CiUDAD: Sunday Tapas Bring Latin Life to Downtown Los Angeles Plaza [CLOSED]

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Restaurant Sign Los Angeles

CiUDAD is an exciting share-friendly, pan-Latin concept from Border Grill's founders.

Last time I checked in with Mary Sue Milliken and Susan Feniger, I ate lunch at their downtown Los Angeles restaurant, CiUDAD. The chefs, better known by their Food Network alter egos, “Two Hot Tamales,” were in absentia, possibly on location. The food was fine, but nothing I was excited to revisit. I wrote off the “Hot Tamales” as irrelevant and never looked back…until recently, when I read S. Irene Virbila’s account of CiUDAD’s Sunday Tapas in the LA Times. Goat cheese fritters with cherries? Spinach empanadas with pine nuts and raisins? Lobster Salad with Shaved Cucumber, Melon, and Sherry-Mint Aioli? I had to go.

Mary Sue Milliken and Susan Feniger came to prominence in Los Angeles in the 80’s, teaming on the restaurant CITY (CiUDAD in English). They next fell for the cuisine of Mexico and Border Grill supplanted CITY. A burgeoning Food Network hired them for two shows, “Two Hot Tamales” and “Tamales World Tour,” and their exposure and popularity soared. The second show exposed them to the cuisines of the Caribbean, Central and South America, providing Milliken and Feniger with the impetus and knowledge base to open CiUDAD. The duo also has a Border Grill in Vegas.

Design wise, CiUDAD was unchanged since my last visit, which was a good thing. The walls are canary yellow and mint green, with boxy canary-hued lanterns and black scribble lining the walls and ceiling. On Sunday nights, things get pretty lonely downtown, between the empty skyscrapers, but not here. Since it was the holiday season, CiUDAD was especially festive. The poles were wrapped with red ribbon, like candy canes, and five of the six dishes we tried tasted like Christmas presents.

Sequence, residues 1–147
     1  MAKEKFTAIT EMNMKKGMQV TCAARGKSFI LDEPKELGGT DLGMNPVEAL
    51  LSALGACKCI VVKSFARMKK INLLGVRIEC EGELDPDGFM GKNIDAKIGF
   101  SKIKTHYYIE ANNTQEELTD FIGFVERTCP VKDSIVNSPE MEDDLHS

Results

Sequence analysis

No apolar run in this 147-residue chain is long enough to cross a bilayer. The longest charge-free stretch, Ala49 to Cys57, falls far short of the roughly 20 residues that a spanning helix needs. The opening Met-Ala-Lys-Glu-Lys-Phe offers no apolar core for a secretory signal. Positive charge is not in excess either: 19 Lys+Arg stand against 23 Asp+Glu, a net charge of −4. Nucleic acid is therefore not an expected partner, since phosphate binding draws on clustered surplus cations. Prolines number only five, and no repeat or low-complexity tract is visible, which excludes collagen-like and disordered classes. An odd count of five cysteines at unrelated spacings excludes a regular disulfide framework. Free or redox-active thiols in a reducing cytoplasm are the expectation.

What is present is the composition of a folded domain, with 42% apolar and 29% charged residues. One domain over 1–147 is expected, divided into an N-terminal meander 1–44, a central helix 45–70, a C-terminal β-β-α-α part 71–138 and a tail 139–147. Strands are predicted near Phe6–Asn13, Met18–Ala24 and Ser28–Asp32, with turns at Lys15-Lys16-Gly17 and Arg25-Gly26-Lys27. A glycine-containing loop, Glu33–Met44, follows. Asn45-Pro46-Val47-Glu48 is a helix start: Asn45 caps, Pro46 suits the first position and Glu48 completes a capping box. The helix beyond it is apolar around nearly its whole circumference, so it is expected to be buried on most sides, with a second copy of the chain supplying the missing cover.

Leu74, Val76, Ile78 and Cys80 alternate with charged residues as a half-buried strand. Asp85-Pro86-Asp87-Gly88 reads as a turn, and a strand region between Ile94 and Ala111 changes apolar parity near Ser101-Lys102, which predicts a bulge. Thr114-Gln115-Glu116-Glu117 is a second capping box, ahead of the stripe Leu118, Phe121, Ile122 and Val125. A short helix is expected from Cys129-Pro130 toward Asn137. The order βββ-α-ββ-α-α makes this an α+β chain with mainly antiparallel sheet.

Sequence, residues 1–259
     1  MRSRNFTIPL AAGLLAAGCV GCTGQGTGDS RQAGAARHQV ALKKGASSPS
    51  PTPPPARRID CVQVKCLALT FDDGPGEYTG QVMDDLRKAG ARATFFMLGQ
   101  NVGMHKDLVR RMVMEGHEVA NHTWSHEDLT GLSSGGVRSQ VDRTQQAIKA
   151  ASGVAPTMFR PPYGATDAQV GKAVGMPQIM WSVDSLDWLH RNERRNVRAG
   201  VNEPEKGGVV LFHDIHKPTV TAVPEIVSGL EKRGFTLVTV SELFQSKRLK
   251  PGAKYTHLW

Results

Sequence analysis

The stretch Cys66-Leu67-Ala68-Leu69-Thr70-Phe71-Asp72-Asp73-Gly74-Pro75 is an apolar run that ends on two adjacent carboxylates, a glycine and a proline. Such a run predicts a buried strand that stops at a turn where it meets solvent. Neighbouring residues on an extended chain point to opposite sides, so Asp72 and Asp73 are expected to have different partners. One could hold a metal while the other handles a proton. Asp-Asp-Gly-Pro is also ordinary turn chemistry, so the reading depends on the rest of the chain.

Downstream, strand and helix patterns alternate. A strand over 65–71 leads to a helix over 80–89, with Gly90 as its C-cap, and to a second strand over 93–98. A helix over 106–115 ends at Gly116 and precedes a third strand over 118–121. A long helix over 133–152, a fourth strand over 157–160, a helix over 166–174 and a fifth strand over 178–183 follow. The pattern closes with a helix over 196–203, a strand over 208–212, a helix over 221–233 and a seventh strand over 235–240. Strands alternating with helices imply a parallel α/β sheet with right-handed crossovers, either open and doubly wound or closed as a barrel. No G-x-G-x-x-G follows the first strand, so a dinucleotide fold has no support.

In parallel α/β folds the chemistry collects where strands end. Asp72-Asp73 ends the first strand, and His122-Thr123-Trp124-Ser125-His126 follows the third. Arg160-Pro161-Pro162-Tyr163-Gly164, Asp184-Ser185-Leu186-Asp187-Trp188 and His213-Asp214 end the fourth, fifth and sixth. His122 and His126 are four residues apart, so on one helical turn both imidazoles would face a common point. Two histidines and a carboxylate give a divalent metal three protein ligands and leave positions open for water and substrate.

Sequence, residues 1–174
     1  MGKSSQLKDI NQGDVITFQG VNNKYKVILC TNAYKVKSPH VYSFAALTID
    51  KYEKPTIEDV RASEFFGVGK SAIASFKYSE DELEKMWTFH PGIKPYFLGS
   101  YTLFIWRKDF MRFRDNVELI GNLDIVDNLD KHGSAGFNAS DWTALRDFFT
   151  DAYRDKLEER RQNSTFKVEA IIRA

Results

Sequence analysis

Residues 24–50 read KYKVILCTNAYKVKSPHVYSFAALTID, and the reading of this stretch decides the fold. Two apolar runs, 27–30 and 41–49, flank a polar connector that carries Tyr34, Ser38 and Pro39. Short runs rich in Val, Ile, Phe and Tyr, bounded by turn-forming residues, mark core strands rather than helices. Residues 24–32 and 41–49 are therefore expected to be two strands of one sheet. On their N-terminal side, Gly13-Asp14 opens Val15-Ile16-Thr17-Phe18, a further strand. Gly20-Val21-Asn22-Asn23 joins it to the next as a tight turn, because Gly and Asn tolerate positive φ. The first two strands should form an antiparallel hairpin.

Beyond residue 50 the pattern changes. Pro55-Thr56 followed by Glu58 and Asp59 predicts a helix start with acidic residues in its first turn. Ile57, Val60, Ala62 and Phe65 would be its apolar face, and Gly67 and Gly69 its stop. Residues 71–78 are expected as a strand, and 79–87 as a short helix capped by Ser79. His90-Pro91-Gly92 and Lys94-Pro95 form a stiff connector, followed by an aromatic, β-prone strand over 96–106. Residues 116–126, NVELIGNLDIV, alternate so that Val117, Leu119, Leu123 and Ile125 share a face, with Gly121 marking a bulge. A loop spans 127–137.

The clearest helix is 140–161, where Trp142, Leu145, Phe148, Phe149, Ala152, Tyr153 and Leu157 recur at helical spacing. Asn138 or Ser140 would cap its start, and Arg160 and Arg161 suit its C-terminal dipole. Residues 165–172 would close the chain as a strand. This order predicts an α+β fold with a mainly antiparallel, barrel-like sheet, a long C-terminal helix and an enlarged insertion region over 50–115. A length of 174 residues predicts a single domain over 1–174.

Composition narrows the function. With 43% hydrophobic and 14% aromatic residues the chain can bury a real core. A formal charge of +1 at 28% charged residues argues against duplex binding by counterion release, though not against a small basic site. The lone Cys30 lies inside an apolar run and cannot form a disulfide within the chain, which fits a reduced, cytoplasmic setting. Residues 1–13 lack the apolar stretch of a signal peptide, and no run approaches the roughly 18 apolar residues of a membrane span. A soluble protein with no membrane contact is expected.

Latin Drinks Los Angeles

To drink, my girlfriend and I split two “Refreshers” ($3.50 each): “Ciudad Cucumber Cooler: Crisp cucumbers blended with fresh lime and mint”; and a “Minty Lime Cooler: Fresh mint and lime with a splash of soda and a touch of sugar.” I liked the first drink better. The latter could have done without soda.

Ribs Los Angeles

Boneless baby back ribs ($10) were the best dish, slow roasted in chile, spices and sweet mistela. Mistela involves tequila, and the tender, chewy, caramelized ribs came with a shot glass of spiced tequila sauce. I drank it as a shot, and it was easily the best tequila shot I’ve ever tasted, not like that’s saying a lot. I’m an eater, not a drinker.

Latin Food Los Angeles

Gritty homemade olive crackers (4 for $6) hosted a creamy fig, roasted pepper and goat cheese spread.

Latin Food Los Angeles

Great goat cheese fritters with sherry soaked cherries (3 for $6) featured three creamy, delicately fried goat cheese balls, triangular flatbread and both green and orange pickled cherries.

Empanadas Los Angeles

Spinach empanada with pine nuts and raisins ($5) featured a big, flaky circle topped with a slightly spicy green spinach sauce. This was one of the better empanadas I’ve chomped.

Deviled Eggs Los Angeles

Deviled eggs with caper, chipotle and smoked paprika (2 for $3) were normal deviled eggs, nothing special, and could have used more heat.

Meatballs Los Angeles

Lamb meatballs with minted chimichurri and onion yogurt (4 for $6) proved unsuccessful. The sauce was creamy, oily, yellow, and didn’t have big flavor.

Churros Los Angeles

For dessert, we engulfed espresso dusted churros ($5), six hot, sweet, moist pastry fingers covered in sugar granules and crushed espresso beans.

After our delicious CiUDAD experience, I admit I underestimated Feniger and Milliken. Looks like they have some culinary kick left after all. That, or more likely, they hired the right Executive Chef: Kajsa Alger. Either way, I plan on a Sunday return. Who knows, if I’m feeling really daring, I might even take a trip on a weeknight.


Joshua Lurie

Joshua Lurie founded FoodGPS in 2005. Read about him here.

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